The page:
by George Friedman

Nuclear talks with Iran have failed to yield an agreement, but the deadline for a deal has been extended without a hitch. What would have been a significant crisis a year ago, replete with threats and anxiety, has been handled without drama or difficulty. This new response to yet another failure to reach an accord marks a shift in the relationship between the United States and Iran, a shift that can’t be understood without first considering the massive geopolitical shifts that have taken place in the Middle East, redefining the urgency of the nuclear issue.

Full story »

October 2014 CFNAI Super Index's Significant Backward Revision Moves the 3 Month Moving Average Into Negative Territory

Written by

The economy was growing slower in October 2014 based on the Chicago Fed National Activity Index (CFNAI) 3 month moving (3MA) average - and the economy has marginally dropped below the historical trend rate of growth.

Full story »

Monetary Theory is Non-Ergodic

Beware So-Called ‘Long-Run’ Monetarist Correlations

by Philip Pilkington

When I ran regressions plotting the money supply against the CPI I was told that I should average them over 5 year periods because this would supposedly iron out ‘volatility’ and show long-run trends. I responded in a post saying that I was dubious of this practice because I did not believe it would show long-run trends at all. Rather I thought it was being used to screw with the data. Here is a concrete example, drawing on the M3 and the CPI, showing why it is wise to be on your guard against these sorts of aggregation.


Full story »

Oil Price Slide – No Good Way Out

by Gail Tverberg, Our Finite World

The world is in a dangerous place now. A large share of oil sellers need the revenue from oil sales. They have to continue producing, regardless of how low oil prices go unless they are stopped by bankruptcy, revolution, or something else that gives them a very clear signal to stop. Producers of oil from US shale are in this category, as are most oil exporters, including many of the OPEC countries and Russia.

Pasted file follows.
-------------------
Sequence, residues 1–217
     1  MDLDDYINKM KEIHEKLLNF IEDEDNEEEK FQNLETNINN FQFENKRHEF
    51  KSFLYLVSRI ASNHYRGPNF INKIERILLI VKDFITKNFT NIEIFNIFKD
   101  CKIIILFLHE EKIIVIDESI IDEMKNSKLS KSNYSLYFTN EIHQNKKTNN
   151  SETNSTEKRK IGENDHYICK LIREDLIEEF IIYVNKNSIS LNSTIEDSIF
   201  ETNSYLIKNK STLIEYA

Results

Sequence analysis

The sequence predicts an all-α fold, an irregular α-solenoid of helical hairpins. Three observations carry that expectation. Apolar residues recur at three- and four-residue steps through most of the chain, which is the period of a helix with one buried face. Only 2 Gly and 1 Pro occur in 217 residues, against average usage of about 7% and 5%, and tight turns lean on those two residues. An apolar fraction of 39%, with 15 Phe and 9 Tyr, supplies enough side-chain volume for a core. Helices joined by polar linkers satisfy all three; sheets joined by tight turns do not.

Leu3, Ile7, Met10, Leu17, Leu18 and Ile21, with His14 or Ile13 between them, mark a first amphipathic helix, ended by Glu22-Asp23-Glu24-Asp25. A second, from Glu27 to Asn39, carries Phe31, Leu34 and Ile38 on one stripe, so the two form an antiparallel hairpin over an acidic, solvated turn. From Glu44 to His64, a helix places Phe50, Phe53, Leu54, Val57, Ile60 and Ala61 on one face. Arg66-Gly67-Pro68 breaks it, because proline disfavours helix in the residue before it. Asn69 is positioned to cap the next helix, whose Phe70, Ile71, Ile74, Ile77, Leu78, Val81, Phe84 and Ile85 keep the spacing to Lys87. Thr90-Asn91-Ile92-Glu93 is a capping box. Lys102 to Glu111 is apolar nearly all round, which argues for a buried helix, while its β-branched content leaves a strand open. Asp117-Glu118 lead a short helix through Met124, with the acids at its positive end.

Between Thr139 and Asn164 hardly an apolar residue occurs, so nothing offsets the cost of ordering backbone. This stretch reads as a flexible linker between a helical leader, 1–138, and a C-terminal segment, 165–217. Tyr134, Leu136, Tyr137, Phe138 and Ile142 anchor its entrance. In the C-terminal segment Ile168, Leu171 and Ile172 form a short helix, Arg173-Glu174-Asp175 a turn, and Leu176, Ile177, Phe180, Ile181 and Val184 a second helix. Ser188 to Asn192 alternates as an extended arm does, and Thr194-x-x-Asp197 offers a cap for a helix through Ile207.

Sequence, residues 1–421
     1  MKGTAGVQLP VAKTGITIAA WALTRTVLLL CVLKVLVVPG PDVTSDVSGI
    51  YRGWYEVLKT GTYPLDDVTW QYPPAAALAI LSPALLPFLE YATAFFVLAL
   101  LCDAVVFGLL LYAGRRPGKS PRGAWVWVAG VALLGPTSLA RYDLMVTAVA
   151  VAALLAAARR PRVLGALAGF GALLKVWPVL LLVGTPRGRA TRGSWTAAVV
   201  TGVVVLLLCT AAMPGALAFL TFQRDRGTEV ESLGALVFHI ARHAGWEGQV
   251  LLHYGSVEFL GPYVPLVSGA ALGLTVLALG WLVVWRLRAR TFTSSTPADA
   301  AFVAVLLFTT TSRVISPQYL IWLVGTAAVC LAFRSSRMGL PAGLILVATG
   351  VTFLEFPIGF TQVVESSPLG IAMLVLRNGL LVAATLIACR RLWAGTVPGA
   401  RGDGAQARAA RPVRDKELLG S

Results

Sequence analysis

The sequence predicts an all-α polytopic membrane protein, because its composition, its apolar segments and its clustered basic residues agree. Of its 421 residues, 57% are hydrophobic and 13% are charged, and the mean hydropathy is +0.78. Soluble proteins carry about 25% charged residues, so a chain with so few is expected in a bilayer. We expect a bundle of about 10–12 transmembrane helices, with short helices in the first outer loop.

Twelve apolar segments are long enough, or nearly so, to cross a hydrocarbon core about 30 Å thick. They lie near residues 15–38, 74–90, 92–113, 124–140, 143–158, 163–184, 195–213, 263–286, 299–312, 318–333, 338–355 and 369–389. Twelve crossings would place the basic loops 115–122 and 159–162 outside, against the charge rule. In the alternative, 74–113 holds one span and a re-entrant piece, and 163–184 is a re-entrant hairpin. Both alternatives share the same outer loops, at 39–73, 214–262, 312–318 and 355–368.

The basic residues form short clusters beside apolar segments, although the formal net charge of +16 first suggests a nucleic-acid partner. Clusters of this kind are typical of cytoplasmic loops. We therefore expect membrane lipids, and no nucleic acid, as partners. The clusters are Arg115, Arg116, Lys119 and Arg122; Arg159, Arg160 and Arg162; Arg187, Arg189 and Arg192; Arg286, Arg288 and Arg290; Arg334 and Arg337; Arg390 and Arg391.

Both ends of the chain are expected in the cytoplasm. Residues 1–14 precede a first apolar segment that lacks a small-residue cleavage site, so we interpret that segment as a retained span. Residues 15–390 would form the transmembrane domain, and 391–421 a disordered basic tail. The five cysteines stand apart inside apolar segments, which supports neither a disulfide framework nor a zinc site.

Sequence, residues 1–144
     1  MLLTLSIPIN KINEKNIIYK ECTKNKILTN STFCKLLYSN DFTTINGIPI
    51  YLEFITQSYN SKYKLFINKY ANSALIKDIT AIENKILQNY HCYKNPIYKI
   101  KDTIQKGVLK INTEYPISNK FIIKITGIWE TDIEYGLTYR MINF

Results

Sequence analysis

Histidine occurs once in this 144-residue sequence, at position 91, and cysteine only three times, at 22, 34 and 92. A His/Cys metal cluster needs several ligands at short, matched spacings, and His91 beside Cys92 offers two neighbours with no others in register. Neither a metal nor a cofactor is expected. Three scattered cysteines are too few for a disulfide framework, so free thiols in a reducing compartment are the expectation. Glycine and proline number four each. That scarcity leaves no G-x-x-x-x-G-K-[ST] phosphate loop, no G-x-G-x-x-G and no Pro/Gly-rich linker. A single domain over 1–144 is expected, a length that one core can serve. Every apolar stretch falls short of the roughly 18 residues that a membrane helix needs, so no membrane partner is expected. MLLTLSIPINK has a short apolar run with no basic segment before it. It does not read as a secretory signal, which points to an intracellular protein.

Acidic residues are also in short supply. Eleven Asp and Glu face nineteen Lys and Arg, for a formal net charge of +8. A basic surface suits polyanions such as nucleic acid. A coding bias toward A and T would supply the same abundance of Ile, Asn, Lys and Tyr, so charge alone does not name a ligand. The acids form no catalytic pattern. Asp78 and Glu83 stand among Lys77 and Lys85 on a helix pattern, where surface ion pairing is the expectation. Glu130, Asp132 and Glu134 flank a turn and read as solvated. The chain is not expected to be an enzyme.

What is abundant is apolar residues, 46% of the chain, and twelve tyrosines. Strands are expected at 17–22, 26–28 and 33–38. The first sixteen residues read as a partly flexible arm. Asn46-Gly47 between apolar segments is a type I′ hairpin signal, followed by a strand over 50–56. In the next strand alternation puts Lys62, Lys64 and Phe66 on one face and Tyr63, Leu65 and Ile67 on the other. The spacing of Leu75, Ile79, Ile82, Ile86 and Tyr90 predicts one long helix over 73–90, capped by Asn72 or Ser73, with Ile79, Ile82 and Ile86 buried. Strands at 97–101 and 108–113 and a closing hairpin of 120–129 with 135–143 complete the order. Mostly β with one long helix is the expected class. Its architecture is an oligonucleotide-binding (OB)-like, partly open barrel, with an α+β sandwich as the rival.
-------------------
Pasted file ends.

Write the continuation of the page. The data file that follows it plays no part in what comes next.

Full story »

Is There a Rental Shortage - Inflation Threat?

Written by

There is an obvious relationship between supply and demand. In the rental housing market, demand is eroding supply at a rapid rate according to recent data - likely due to changing demographics and preferences. The Consumer Price Index (CPI) is based 40% on housing costs - so the logical conclusion is that a rapid rise in inflation is just around the corner.

Full story »

The UAE and Saudi War on the Muslim Brotherhood Could Be Trouble for the U.S.


The UAE Cabinet approved a list of 83 designated terrorist organizations on Saturday, including al Qaeda and the Islamic State. Much more significant, though, was the inclusion of many Muslim organizations based in the West that are believed to be allied with the Muslim Brotherhood movement. Prominent among them are two American Muslim groups: the Council on American Islamic Relations and the Muslim American Society.

Full story »

October 2014 Existing Home Sales Had the Best Month in a Year

Written by

The headlines for existing home sales say that sales improved - with this is the first time in a year that home sales volumes grew year-over-year (seasonally adjusted data). Our analysis of the unadjusted data also is positive. The unadjusted three month rolling averages for sales are now only marginally negative but accelerating. Bottom line - this was a relatively good report.

Full story »

November 2014 Philly Fed Manufacturing Survey Jumps, Well Above Expectations, And Suggests Pickup in Growth

Written by

The Philly Fed Business Outlook Survey growth jumped and continues well into expansion territory for the ninth month. Key elements remain in expansion. 

Full story »

October 2014 Leading Economic Index Up Sharply, Good Growth Predicted throught the Holiday Season

Written by

The Conference Board Leading Economic Index (LEI) for the U.S. improved sharply 0.9% over last month. The index growth has been noisy but remains in a growth trend.

Full story »

October 2014 CPI Annual Inflation Rate Flatlined at 1.7%

by Doug Short and

The Consumer Price Index (CPI-U) year-over-year inflation rate has remained constant at 1.7% for the last 3 months. Energy prices decreased whilst shelter increased countering energy's decline. The annual core inflation rate remains under the targets set by the Federal Reserve.